As we noted previously, the U.S. property facultative insurance market responded to Sandy with significant increases in flood – for flood cover, but the fire rates remain flat. This trend continued in the second quarter – in the first quarter, beg your pardon.

Following a largely benign year for losses outside the U.S. rates in international property reinsurance markets are generally flat are showing a small decrease with strong capacity. April is a major renewal period for Japanese market. As expected the market continues to benefit from post – pricing levels. You may recall a year ago we managed our Japanese book such that we renewed about half of the earthquake risk, but maintained our premium volume. This year we maintained rate integrity and renewed the majority of the book. Despite an increased level of capital in the market, most renewals were stable, although premiums in dollars are down due to Yen exchange rate movements.

For casualty reinsurance, we achieved a rate increase of 1% in the first quarter. The rate environment continues to vary based on line and geography. In parts of our casualty segment, we are seeing improving market, especially in U.S. E&S general liability and non-medical professional lines.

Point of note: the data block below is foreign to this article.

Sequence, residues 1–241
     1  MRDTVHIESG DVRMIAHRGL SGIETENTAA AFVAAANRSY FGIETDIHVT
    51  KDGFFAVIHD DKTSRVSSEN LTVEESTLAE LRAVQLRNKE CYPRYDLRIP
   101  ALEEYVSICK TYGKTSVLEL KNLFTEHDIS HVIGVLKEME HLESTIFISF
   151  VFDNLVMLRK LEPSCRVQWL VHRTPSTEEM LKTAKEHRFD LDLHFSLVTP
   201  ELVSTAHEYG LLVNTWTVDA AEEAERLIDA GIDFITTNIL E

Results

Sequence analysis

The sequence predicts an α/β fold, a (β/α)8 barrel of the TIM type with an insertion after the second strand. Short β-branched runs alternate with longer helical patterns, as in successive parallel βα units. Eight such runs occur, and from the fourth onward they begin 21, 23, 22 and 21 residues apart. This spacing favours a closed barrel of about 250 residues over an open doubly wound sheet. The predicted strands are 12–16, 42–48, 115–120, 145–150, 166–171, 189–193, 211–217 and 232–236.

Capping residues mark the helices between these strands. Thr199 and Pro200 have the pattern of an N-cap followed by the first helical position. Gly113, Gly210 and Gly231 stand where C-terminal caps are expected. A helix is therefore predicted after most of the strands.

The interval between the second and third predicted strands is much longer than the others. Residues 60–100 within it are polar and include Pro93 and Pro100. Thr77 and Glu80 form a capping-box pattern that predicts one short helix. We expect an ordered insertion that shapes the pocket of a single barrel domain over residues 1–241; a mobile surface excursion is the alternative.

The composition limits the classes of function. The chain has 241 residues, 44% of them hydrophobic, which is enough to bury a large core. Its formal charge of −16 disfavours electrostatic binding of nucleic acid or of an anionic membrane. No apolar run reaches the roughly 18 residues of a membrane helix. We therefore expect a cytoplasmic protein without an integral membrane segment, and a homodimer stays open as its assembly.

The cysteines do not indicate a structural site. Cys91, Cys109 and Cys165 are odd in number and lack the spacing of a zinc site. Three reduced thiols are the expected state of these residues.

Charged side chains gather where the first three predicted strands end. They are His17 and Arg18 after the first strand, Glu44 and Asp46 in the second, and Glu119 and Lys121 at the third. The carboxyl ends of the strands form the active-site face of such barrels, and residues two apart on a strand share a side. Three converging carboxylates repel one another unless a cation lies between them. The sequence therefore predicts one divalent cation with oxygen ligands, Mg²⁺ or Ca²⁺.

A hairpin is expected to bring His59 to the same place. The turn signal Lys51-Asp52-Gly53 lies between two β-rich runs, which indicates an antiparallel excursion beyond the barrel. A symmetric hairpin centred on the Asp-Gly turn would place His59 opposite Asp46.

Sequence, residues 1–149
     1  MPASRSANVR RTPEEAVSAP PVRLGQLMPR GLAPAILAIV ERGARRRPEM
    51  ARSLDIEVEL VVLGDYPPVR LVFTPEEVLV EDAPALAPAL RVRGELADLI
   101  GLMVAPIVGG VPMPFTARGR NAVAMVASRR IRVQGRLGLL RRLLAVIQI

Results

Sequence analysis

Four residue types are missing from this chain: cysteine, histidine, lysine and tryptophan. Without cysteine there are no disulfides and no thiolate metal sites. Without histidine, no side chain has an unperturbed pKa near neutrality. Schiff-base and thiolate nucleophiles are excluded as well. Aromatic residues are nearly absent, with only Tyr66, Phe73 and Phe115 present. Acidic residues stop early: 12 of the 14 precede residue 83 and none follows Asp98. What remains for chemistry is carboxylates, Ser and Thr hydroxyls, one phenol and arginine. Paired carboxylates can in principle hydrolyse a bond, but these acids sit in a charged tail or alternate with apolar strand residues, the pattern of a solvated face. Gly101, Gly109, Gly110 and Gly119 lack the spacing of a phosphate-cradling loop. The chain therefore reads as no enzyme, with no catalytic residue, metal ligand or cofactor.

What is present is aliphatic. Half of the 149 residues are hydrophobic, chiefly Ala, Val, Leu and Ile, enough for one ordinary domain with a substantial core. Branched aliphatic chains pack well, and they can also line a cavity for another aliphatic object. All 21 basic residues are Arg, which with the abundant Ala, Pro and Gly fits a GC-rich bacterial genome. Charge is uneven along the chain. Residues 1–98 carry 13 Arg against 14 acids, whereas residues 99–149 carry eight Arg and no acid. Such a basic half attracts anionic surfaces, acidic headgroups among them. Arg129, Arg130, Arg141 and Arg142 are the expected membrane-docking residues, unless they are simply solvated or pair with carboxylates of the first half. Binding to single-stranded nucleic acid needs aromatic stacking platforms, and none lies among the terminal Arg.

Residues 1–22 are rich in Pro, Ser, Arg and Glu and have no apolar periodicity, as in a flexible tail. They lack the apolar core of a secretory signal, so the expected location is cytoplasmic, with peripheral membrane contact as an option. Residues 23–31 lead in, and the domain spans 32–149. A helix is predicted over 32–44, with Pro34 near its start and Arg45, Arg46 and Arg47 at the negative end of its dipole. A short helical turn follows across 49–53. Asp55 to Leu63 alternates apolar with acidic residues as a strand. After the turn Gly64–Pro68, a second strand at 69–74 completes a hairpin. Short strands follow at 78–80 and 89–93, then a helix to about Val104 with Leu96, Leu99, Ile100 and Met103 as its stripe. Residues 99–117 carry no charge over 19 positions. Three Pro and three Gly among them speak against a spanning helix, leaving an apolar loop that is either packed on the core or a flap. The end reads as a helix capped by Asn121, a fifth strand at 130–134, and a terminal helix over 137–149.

As discussed last quarter, our current portfolio continues to see stable loss cost trends. Especially reinsurance rates across portfolio were flat on average, however quite different dynamics in various lines. Marine was dominated by the uncertainly of the Sandy and Costa Concordia losses. Business affected by the events, expense of rate increases of up to 30% with increase planned retention.

Rates continue to increase 7% on average in the first quarter. Competition in international credit and surety is high with plenty of capacity supplemented by a few new entrants in the market as a result rates declined 2% in the first quarter.

Moving onto the insurance markets. As I said earlier, our insurance book for the first quarter achieved a blended rate increase of 15%. With several insurance lines with significant loss affects in the Marine aviation and financial institutions areas. If we look at the rest of the book, I would say those rates rose about 7% or 8% on average in the quarter.

Our property insurance book across the U.S. and the U.K. we achieved an average rate increase of 2% and the U.S. property team achieved a increase of 3% on the book of primary non-cat affective business.